12 Oct Climate Anxiety and How to Cope
Every day we are faced with the reality of our world changing; first slowly and now increasingly faster. This reality has become more accessible with social media providing ready access to stories locally and across the globe about the climatic situation of our planet. Watching reports of how climate change is impacting our environment can lead to people experiencing a form of anxiety known as Climate Anxiety.
Climate Anxiety is a type of anxiety that usually occurs when people feel dread or distress about climate change and its impact on all life. Climate Anxiety can impact all ages but is prevalent among the younger generation, affecting 16–25-year-olds the most. Such anxiety may impact everyone differently, but commonly manifests as:
- Overthinking about climate change and the contributing factors as well as the impact
- Sadness and grief about the loss associated with climate change, both currently and in the future
- Intrusive negative thoughts about potential climate disasters and the future of the world
Climate Anxiety can be managed through behavioural, cognitive, somatic, and emotional strategies. Below are some strategies that may help climate anxiety symptoms more manageable:
- Acting – Doing something to reduce your carbon footprint is a significant coping strategy that may help manage the distress. Such behaviours may include:
- Participating in climate action groups
- Changing individual or household behaviours, such as purchasing green energy, turning down heaters, bike commuting or using public transport.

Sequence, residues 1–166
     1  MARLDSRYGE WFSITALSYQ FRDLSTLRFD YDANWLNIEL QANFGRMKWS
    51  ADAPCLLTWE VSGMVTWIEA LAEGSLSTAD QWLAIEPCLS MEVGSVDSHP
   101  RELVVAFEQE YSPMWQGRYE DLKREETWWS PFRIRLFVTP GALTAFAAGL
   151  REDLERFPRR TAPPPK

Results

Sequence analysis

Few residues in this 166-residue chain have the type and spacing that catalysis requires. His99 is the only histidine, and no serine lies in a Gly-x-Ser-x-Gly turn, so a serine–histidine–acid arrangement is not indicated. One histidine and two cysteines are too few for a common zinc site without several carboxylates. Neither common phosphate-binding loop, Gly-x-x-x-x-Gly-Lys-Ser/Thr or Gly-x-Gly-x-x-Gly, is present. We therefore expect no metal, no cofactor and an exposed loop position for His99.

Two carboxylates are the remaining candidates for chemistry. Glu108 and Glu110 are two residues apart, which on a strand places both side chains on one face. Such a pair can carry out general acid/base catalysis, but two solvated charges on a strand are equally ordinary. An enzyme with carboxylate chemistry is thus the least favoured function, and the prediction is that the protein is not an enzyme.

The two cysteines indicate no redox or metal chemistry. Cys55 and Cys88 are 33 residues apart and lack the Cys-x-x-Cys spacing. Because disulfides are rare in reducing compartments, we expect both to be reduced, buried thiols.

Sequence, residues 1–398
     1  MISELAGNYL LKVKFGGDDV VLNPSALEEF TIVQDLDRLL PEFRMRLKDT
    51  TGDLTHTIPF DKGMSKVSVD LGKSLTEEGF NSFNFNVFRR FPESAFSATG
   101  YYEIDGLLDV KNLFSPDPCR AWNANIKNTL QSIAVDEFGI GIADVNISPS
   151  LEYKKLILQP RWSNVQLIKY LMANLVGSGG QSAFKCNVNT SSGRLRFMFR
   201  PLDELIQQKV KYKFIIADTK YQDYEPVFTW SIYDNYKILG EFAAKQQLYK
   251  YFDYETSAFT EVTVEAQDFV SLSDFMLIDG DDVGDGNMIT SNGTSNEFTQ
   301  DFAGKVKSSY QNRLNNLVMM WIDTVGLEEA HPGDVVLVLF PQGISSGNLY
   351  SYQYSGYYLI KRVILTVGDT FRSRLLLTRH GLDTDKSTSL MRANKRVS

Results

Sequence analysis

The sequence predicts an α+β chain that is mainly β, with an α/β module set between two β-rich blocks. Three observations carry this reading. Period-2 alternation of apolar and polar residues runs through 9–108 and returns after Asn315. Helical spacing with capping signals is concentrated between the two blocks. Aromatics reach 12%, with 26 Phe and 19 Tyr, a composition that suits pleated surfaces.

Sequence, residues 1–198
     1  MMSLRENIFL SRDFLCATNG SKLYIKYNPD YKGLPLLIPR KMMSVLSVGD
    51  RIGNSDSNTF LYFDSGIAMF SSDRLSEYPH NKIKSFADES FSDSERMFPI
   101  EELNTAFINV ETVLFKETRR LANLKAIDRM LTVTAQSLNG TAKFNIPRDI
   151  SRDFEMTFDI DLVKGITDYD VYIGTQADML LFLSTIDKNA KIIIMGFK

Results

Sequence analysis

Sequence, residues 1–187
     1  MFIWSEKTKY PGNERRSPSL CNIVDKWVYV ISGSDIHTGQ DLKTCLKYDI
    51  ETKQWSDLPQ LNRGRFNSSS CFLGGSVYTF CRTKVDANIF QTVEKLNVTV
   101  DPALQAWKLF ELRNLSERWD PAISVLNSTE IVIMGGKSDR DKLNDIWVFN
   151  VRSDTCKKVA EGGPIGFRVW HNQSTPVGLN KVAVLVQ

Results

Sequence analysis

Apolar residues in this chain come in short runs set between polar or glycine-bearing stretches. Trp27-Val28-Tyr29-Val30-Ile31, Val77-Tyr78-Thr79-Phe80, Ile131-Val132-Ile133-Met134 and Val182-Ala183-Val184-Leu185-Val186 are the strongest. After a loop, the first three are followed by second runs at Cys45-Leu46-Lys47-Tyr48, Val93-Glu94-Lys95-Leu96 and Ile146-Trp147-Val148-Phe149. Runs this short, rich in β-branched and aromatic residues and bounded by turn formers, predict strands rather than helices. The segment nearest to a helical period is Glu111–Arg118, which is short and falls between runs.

- Taking a News Break – Keeping up with all the information and latest news reports on climate change doesn’t actually solve climate change. Instead it can increase anxiety, helplessness and feelings of fear. Taking a break can include:
- Turning off the 24/7 news feed and choosing a set time to read the news, instead of having access all day
- Electing to spend some time a day engaged in an activity that helps boost your mood; from listening to a comedic podcast, to getting some exercise or socialising
- Maintaining healthy routines – Including healthy habits in your routines can boost your mood and help maintain resilience.
- Find ways to move your body the way you enjoy. Regular exercise releases a chemical in your brain called serotonin, which improves overall mood.
- Get a full night’s sleep; which has both mood sustaining and anxiety reducing effects
- Balancing action with reflection – Reading, writing journals or blogs are all activities that allow you to reflect on the feelings you’re experiencing. Keeping a regular journal can help people stay conscious and work more effectively towards setting long and short-term goals.
- Reframing your thoughts – When we are stressed our ability to be flexible with our thoughts can sometimes diminish. This is where a strategy known as ‘reframing’ can be helpful. It is a way of restructuring the thoughts you have into a frame that is more valid and helpful. Examples can include:
- Reframe “We may be doomed” to a more fact based (and helpful) frame such as “History shows people can change”.
- Reframe “I am helpless” to “I am doing the best I can to reduce my carbon footprint.”
Getting in touch with your body can be an extremely empowering way to feel a sense of safety and groundedness when anxious. Body based strategies include:
- Breathing exercises such as deep breathing
- Guided meditation that focuses on full body scan, to increase your awareness of each part of your body.
These techniques help address some of the impactful emotions Climate Anxiety can cause. These include:
- Validate your own feelings – Acknowledge that your feelings are based on genuine concerns
- Have a cry if you need to – Venting emotions in whatever way feels healthy and safe for you can be helpful
- Label your emotions – All the feelings that can emerge when you have Climate Anxiety can be intense and overwhelming. Naming each one you feel, which can help reduce some of that overwhelm.